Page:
Help Your Child Live Better With Diabetes

Simple strategies to stay healthy during the school year

getting a shot of insulin

Healthy eating habits and an active lifestyle are important for children with diabetes. Help your son or daughter with diabetes develop these habits, and help the adults in their life know what to do to provide support.

Make a plan
Work with your child’s doctor to create a Diabetes Medical Management Plan. The plan provides important information, including:

  • Daily treatment schedule

  • Action plan for an emergency

  • Emergency contact information

  • Target blood glucose levels and when to test

  • Signs of low or high blood sugar

Find a sample Diabetes Medical Management Plan at the American Diabetes Association website, Go over the plan with your child, and review it with school staff. Share a copy with your child’s teachers, administrators, school nurse, coaches, and any other caregivers. Make sure your child has a copy in his or her school backpack and when visiting family or friends.

Prepare your child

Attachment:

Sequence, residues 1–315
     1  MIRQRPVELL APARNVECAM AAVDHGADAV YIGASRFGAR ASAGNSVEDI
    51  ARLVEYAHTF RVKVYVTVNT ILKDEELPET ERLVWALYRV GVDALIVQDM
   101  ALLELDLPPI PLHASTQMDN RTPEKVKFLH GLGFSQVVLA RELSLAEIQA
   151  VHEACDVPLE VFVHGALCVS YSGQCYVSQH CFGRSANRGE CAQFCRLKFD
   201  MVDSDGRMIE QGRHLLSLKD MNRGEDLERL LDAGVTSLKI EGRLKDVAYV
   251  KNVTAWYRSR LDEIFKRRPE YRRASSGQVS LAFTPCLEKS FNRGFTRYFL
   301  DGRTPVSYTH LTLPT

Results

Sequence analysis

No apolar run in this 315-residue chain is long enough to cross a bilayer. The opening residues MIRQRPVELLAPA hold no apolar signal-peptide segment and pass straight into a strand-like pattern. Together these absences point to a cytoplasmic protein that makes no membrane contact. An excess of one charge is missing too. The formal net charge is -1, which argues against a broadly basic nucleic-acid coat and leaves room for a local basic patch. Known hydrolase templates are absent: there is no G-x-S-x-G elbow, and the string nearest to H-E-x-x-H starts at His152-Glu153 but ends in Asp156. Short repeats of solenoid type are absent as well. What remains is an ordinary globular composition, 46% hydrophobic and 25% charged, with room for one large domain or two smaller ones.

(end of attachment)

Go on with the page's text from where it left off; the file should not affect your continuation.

If your child has started giving self-injections or using a pump, practice at home and with the school nurse. Talk about situations that may come up, such as feeling weak or dizzy, and how to handle them. Keep the discussion light so it doesn’t feel like a quiz. Other children will likely ask questions about what it’s like to have diabetes, so help your child come up with answers to feel prepared and comfortable.

Talk about food choices
Starting around first grade, most children are able to help with decisions about food, says Mary Hartley, RD, a dietitian based in New York City. The key is training and practice. Teach your child to count carbs to help keep on track. Work with your child’s doctor, certified diabetes educator, or nutritionist to find how much glucose typically raises his or her blood sugar. Usually around 15 to 20 grams of simple carbs does the trick. Then make a list or poster that shows food choices with this amount: a small piece of fruit, a slice of bread, or 4 to 6 crackers.

Keep a “low box” handy
This is a go-to kit in case of low blood sugar. Put snacks, juice, and glucose tabs or gels in a small box. Leave the box with the school nurse, your child’s teacher, or wherever it’s most handy for your child to reach in the moment. Put a copy of your child’s DMMP in the box, too.